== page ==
my point, i guess, is that every time i get frustrated, or feel like i'm replacing stuff that's not technically broken, i imagine myself 1000 miles offshore in a blow, trying to figure out why the autopilot just died, my running lights won't go on, i can't pick up the weather forcast, etc. as the boat rolls and waves splash across the deck.

i'd recommend bitting the bullet to anyone in my shoes. and spend the few extra bucks on marine grade wiring. as an added bonus, you'll know your boat inside and out.

back to stripping wires...
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Old 08-01-2010, 20:30   #38
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Hey, KB --

Sounds like you're doing great. It is the things you find that you didn't think you'd find that really make you glad you're doing it. And, you are right, you are getting to know just about every square inch of your boat in a way you never would had you not done this. You'll have confidence in her that you never would, otherwise; and, in the event of a later problem, you've probably at least halved the amount of time it will take you to fix it.

Bilge Pumps! I hear you. I replace mine every year, whether they seem fine or not. They aren't that expensive and it forces me to closely inspect that crucial system.

Instruments! I seem to remember you thinking that they looked pretty good before you started. Yikes, but spades. I think you probably did save yourself a major pucker experience in this discovery alone.

Good job! Of course, you'll be finding little bits of wire insulation for the next couple of years.

ID
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Old 08-01-2010, 20:40   #39
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Quote:
Originally Posted by kb79 View Post
hey all -

so i'm about half way through the project, and wanted to share a few things i've found:
3. there's a ton of wiring that's backwards (at least in my uninformed opinion) - black to hot, white to ground. coulda been pretty confusing had i not known and just assumed that black = gnd (reasonable assumption to me)
If it's AC wiring, Black IS hot and White IS neutral.

IMHO, those colors shouldn't be used together on DC, but I could be wrong.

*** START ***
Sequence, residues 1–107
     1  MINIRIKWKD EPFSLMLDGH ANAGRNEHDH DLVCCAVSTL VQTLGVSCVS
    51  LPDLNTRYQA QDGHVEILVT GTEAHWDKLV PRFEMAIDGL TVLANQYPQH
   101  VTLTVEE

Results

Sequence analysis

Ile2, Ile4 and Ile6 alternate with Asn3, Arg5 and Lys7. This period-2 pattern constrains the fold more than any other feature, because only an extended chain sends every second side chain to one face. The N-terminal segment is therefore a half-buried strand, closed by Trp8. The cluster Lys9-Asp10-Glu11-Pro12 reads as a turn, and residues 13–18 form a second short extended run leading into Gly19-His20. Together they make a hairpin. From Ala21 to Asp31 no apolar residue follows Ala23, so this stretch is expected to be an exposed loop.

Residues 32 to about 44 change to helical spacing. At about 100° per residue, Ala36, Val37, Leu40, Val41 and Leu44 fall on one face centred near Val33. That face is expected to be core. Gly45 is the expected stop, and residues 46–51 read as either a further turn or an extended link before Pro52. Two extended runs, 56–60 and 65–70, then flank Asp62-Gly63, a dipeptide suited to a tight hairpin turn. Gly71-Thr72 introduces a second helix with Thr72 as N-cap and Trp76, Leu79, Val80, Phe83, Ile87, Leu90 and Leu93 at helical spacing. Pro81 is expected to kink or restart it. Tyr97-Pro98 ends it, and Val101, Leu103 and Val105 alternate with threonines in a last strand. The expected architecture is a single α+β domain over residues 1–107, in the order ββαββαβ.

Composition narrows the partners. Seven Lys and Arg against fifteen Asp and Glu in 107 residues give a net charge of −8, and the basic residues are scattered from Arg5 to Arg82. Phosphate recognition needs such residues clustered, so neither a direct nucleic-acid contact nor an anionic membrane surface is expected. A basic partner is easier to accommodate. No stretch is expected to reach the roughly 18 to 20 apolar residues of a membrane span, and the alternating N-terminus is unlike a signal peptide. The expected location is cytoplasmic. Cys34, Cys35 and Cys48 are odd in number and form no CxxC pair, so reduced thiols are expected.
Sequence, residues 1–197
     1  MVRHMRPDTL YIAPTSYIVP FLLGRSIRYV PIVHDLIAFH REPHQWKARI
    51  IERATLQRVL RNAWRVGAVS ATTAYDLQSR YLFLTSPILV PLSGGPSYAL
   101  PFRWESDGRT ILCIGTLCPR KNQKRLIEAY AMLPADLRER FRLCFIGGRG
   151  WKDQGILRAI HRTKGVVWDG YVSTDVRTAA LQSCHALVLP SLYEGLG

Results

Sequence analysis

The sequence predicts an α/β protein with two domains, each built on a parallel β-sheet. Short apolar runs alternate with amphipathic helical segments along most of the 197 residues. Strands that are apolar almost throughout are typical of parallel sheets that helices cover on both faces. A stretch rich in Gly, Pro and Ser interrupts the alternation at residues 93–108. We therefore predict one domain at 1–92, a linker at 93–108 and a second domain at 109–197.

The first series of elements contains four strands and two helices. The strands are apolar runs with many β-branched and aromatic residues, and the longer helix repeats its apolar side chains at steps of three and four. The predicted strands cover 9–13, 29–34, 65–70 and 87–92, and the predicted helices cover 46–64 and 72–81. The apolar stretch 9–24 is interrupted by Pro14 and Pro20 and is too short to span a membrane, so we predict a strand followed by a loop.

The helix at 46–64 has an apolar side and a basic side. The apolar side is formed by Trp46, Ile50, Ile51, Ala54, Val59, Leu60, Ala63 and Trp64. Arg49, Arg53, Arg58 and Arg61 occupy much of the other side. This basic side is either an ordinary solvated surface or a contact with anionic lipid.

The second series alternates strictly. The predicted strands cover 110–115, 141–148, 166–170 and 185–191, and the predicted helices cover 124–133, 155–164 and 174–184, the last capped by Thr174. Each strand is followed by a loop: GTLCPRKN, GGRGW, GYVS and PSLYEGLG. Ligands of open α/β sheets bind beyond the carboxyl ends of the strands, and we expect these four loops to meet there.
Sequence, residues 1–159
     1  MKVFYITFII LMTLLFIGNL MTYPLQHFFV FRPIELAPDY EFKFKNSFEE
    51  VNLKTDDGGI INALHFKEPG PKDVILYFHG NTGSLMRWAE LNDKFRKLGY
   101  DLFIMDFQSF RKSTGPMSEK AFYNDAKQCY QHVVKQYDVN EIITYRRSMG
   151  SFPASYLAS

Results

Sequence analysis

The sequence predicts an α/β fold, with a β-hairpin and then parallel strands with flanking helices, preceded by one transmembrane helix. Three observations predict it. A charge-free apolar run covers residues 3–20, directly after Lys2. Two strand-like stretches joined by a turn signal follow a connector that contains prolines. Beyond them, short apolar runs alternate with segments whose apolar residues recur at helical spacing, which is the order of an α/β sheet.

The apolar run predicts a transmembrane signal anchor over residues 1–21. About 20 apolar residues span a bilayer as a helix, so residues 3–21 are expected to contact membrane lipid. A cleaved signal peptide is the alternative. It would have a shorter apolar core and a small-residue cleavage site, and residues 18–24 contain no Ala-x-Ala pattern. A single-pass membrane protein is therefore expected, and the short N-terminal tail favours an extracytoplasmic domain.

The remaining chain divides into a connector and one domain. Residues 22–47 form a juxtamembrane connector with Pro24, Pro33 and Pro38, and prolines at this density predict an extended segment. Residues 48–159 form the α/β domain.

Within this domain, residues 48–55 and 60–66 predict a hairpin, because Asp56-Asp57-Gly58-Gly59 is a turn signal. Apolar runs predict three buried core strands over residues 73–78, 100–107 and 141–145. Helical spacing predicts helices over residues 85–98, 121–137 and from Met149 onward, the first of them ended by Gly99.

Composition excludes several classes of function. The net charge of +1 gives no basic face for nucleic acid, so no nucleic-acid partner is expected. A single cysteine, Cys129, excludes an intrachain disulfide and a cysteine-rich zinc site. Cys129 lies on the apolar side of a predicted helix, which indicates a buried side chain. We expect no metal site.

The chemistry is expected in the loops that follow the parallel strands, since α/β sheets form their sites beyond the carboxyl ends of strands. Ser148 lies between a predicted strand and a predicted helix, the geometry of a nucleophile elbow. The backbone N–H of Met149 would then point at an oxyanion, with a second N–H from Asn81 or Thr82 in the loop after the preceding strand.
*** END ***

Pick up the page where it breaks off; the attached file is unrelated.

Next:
My deck light uses those...
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Old 08-01-2010, 20:40   #40
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The great thing about standards is there's so many of them...

Quote:
Originally Posted by kb79 View Post
...
3. there's a ton of wiring that's backwards (at least in my uninformed opinion) - black to hot, white to ground. coulda been pretty confusing had i not known and just assumed that black = gnd (reasonable assumption to me)
...
The 120V AC standard in the US (in houses and in boats as far as I know) is black hot - white neutral.

The 12V DC standard is red hot - black neutral. I believe they're moving to red hot - yellow neutral, to avoid confusion, but that's relatively new.

That might be the source of your confustification.

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Old 08-01-2010, 23:33   #41
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It IS pretty confusing.
In my current rewire, which I am about 25% done, I have tried to use Red for DC positive, Yellow for DC negative, and of course black, and red for AC positive (have a 120/240v ac in) and White for neutral/ Green is ac ground, EXCEPT for the bonding system, which is green as well.
I have a Rhino 5200 label maker and label mostly everything. Today I fished 10/3 wire for the forward and aft air conditioners. Fishing wire is always a pleasant thing to do(NOT)
Its a knuckle breaker. Trying to get it to go where I want it to is always a challenge, but satisfying once done. And I always leave some wire there for future pulls. The PO used light gauge line, and it rotted, so that is a no-no. I just use the old DC wire I pulled out of the boat as fish for the future.
Also installing a Blue sea systems Vehicle management system. It monitors the batteries, the tanks, the bilge pump cycles, and the ac side. as with most things the manual could be written better...
Always fun.
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Old 09-01-2010, 07:55   #42
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There is another thread where someone used the black AC wire to ground the DC system and he got weird stuff happening every time he plugged in. Use yellow from the start on your project and you will like it later, I bet. I have a mix now and wish it were all done in yellow. Fortunately all my AC is in two-wire cable so it is easier to identify.

Jim
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Old 09-01-2010, 13:23   #43
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Who was it that wrote the book about Learning everything you need to know in Kindergarten? What an understatement when talking bout boats. I have not even begun to rewire but I need to!
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Old 09-01-2010, 15:53   #44
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On my first boat the PO wired the alternator to the battery switch.

Red wire on one side, black wire on the other. He wondered why it wouldn't charge and had put in a new battery JUST before the sale.
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Old 09-01-2010, 17:45   #45
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Who was it that wrote the book about Learning everything you need to know in Kindergarten? What an understatement when talking bout boats. I have not even begun to rewire but I need to!
Robert Fulghum
All I Really Need to Know I Learned in Kindergarten by Robert Fulghum